How does the A that Pearl makes out of seaweed differ from her mother's scarlet letter?
Pearl, who is identified with nature, makes her letter from natural material. Hester's letter comes from human actions, the sin of adultery. Thus though they have the same shape, they spring from vastly different sources: purity versus sin. Pearl's letter, made from vegetation, also carries the association of impermanence—plants grow and then die. On the other hand, Hester's letter is fixed and permanent. The incident also leads Pearl to ask Hester what the letter means and why Dimmesdale holds his hand over his heart, thus reinforcing his link to the scarlet letter and reminding readers of his torment—as well as reminding them of the lingering mystery of the question she asks.
Why do Hester and Dimmesdale meet in the forest in Chapter 17 of The Scarlet Letter? Consider symbolic as well as literal meanings in your analysis.
On a literal level, Hester is shocked by Dimmesdale's decline and decides that she must reveal Chillingworth's true identity to him. She has obtained Chillingworth's grudging allowance to break her vow of secrecy. She hopes that by learning who Chillingworth really is—and thus his motive for torturing the minister—Dimmesdale will recover some of his strength. They meet in the forest because it provides the earliest opportunity for her to unburden herself. In addition, Hester feels that she owes it to Dimmesdale to reveal Chillingworth's identity and motives. As Hester tells her husband: "This long debt of confidence, due from me to him, whose bane and ruin I have been, shall at length be paid." Thus, she feels guilty that she has maintained a private truth that if made public to him might have spared him pain. On a symbolic level, they meet in the forest because the rules of society do not apply there. In the forest, the wilderness, the couple can talk freely and even seem to become young again. The forest offers freedom outside of the strict Puritan boundaries.
What is the significance of the word fallen in Chapter 17 of The Scarlet Letter and how does it relate to the Bible story of Adam and Eve?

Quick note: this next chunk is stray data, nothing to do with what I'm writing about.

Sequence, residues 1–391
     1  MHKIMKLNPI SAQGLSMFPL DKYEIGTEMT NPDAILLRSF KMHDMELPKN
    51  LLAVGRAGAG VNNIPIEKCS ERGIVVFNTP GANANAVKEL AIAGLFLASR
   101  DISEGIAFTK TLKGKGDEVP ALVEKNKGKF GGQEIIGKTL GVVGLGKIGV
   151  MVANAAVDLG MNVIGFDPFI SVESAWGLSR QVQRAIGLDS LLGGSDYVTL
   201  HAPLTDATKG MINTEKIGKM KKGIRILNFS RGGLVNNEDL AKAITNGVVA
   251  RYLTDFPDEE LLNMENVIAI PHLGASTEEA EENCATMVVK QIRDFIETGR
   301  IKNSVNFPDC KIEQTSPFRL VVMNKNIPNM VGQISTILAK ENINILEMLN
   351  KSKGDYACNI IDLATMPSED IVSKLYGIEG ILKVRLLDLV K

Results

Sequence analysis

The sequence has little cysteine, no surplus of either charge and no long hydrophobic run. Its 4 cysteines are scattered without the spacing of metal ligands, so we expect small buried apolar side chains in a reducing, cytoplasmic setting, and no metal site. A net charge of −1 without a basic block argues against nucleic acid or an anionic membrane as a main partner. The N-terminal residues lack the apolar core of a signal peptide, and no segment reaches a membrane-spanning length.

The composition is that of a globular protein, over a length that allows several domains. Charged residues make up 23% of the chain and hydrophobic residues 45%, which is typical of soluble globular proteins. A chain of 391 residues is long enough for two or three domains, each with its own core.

In Chapter 17, "The Pastor and His Parishioner," Hawthorne repeats the word fallen several times. For instance, he says that Dimmesdale and Hester "sat down again, side by side, and hand clasped in hand, on the mossy trunk of the fallen tree." A few lines later the narrator comments: "Here, seen only by his eyes, the scarlet letter need not burn into the bosom of the fallen woman!" And a bit further in the same chapter, Hester asks Dimmesdale, "Is there not shade enough in all this boundless forest to hide thy heart from the gaze of Roger Chillingworth?" Dimmesdale replies, "Yes, Hester, but only under fallen leaves." The word fallen suggests the condition of humanity after the fall of Adam and Eve, their sin and expulsion from Eden. This is the starting point of Puritan theology. Hawthorne links the word fallen to Hester, the so-called "fallen woman" for her sin, but Dimmesdale is connected to it also, as he was a partner to her fall—just as Adam and Eve fell together. Unlike Adam, who was expelled from the garden along with Eve, Dimmesdale did not share in Hester's punishment, however. Hester and Dimmesdale are also linked to the Garden of Eden in the setting of this scene—they are in the forest, a natural place rather than a location reflecting the world made by humanity. (The look that moved like a snake over Chillingworth's face when he is introduced is another link to the Garden of Eden.